Dog Care 101: The Owner’s Handbook

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Dog care 101: The Owner’s Handbook
By Joshua Montgomery

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This is my full Ebook on dog care. If you want to download the PDF simply sign up for ThePawsHub Email list to start the download.

Introduction

Let’s start at the beginning. This guide is mainly geared toward new owners. However, that doesn’t mean there aren’t helpful tips that the doggy loving veteran hasn’t seen before! We will cover all the most important subjects that dog owners care about, and maybe some they haven’t thought of before.

This handbook is meant for people who already have a dog and want to learn more about how to care for them. If you don’t know how to get started finding the perfect dog, check out my article Dogs 101: The Right Dog For You, 5 best Tips for First-Time Owners.

About me

Hi there, my name is Joshua. Thanks for checking out my very first (but hopefully not last) e-book! I have been an avid animal lover ever since I was little. I remember one time my dad told me that if we ever moved to the country, he would let me have as many animals as I wanted. My love for animals (especially dogs) never abated. I think that might be the reason we still live in suburban Cincinnati. Anyway, I hope you enjoy this handbook, I worked really hard on it, so if you enjoy it, please let me know by contacting me on all my social media accounts or emailing me at Thepawshub@gmail.com.

Without further ado, let’s get started!

-Joshua Montgomery

Veterinary Services

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Once, when my Shih-Tzu, Dachshund mix (or “Shweenie”) was around two, she decided to drink some nasty pond water. We never thought to discourage our dogs from lapping up the foul-smelling liquid, as they had never done it before, and typically avoided the area altogether. Regardless, not long afterward, she began to grow lethargic; she was constantly throwing up, she wouldn’t eat, and she’d barely even drink.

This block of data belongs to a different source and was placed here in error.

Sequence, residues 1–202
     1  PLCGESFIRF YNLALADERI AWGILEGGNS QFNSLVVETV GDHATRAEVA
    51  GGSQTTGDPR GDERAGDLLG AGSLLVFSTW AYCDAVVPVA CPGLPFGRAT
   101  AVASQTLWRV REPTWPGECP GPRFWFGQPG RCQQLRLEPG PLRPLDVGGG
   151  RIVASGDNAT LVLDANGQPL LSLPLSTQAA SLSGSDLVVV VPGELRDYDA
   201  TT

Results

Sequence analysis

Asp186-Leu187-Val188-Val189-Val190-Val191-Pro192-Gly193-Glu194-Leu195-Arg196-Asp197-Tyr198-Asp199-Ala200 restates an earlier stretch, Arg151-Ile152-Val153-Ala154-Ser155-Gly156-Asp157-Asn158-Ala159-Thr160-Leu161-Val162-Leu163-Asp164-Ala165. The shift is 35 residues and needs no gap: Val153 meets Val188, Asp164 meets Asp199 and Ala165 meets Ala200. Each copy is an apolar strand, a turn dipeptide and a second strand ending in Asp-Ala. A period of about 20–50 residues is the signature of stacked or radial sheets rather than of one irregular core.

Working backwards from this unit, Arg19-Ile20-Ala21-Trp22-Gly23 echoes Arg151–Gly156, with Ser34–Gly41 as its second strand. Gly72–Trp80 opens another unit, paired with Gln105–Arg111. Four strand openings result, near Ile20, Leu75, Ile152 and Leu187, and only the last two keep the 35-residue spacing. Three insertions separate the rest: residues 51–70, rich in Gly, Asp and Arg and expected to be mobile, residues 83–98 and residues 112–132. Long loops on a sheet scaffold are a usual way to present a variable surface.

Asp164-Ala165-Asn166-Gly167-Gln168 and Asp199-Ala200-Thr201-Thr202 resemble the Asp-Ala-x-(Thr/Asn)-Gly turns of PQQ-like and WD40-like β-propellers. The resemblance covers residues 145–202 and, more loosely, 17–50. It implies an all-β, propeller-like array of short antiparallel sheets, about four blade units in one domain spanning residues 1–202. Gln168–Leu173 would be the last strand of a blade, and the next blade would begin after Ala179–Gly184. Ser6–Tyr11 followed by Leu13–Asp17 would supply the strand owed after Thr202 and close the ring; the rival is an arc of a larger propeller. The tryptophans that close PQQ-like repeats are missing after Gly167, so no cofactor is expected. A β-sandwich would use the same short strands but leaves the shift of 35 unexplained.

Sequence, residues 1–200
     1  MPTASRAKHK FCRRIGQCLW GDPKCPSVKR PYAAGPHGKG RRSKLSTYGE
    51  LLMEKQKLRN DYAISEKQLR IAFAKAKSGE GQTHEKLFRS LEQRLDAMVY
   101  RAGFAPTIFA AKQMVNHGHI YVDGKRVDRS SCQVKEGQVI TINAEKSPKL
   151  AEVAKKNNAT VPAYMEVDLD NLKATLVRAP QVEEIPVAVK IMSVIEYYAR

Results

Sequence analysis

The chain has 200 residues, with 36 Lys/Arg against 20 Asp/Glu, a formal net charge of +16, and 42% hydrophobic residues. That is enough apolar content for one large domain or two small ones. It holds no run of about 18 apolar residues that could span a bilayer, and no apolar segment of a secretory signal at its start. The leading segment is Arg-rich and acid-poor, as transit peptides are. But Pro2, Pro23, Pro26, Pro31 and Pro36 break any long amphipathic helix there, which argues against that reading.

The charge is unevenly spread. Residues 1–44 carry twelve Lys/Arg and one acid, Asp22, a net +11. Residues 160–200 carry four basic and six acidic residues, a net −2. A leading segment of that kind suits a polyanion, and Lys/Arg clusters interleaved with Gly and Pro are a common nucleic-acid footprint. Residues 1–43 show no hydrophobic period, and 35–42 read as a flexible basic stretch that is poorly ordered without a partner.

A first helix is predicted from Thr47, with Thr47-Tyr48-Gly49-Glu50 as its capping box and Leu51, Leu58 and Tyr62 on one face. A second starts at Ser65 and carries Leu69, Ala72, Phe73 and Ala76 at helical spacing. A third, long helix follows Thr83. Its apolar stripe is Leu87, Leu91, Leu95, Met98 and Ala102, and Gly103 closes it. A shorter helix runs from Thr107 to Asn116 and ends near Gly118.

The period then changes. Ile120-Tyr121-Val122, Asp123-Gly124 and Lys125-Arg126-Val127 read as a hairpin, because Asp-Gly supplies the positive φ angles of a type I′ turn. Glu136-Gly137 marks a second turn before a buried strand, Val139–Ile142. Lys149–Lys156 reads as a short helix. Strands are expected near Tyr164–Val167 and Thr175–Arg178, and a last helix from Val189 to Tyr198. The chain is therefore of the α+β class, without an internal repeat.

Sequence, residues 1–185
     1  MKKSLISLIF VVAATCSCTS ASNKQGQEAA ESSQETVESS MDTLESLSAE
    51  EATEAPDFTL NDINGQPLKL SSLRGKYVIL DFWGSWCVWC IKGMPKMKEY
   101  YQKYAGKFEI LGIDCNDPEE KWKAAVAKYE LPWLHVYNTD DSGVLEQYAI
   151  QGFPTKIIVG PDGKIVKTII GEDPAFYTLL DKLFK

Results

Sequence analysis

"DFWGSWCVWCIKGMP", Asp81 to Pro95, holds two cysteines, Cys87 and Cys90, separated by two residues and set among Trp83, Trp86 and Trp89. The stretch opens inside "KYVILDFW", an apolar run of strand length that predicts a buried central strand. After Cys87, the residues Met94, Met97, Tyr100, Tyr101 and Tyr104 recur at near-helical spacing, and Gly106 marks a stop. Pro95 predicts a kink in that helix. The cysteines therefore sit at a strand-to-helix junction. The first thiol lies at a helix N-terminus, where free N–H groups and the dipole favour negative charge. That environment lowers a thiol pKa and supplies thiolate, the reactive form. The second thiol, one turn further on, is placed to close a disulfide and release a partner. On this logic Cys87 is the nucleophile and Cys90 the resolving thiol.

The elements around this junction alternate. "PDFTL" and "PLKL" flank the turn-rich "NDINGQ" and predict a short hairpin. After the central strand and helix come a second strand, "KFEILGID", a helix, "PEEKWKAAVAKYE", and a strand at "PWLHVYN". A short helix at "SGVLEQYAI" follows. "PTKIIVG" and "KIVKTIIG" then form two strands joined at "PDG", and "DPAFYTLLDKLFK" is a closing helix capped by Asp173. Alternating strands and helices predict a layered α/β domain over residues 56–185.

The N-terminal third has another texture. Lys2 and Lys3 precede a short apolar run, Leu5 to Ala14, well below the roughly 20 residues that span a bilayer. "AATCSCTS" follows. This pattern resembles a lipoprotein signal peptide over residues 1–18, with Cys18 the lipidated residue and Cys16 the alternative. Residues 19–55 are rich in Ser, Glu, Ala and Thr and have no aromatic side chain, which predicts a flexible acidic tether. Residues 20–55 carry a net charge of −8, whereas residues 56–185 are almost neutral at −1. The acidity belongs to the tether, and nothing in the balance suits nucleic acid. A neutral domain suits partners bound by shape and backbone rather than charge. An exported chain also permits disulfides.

That’s when we decided to take her to the vet. They told us that she had a bad infection and that we should expect the worst. However, after four days, lots of medications, and thanks in no small part to the wonderful round-the-clock care staff, she got better and is now happier and healthier than ever.

Finding the right vet for you should be at the top of any new owner’s to-do list. You and your dog should be able to build a relationship with your veterinarian, so you both feel comfortable on the (hopefully) rare occasions they need to keep your pup for any extended period of time.

Here are some things we will get into in this section:

-Finding a vet
-Finding an emergency vet near you
-Spaying and neutering
-Scheduling regular checkups.

Finding a vet

Before stepping foot in any veterinary clinic, you should run a quick google search to find vets in your area. I recommend this because customer feedback is an important indicator for any good business.
Do people like you? 5-star review. Are people dissatisfied? 1-star review. Remember, people are likely to leave a bad review if they had a sub-par experience, but that just makes the good reviews that much more informative. Sites like VetLocator are useful; simply type in your zip code, and it provides you with a list of vets in your area.
Also, don’t be afraid to ask your pet-loving friends for their personal recommendation. People—pet owners specifically—love recommending their favorite places, and veterinarians are no exception.

What to look (out) for

Helpful Friendly Staff

So you have a vet in mind? Don’t be afraid to call ahead and ask for a tour of the facilities before you decide to take your pup for a checkup. Any good veterinary clinic will welcome the opportunity for you to meet the staff and make sure they have everything in order to your satisfaction.
Remember, vets are a place of business, and the sign of any good business is a welcoming attitude toward potential customers. If the staff is rude on the phone or they are unwilling to make time for you to visit, simply move on. If the employees are disorganized and discourteous, it is probably a systemic issue of poor management, and you are better off somewhere else.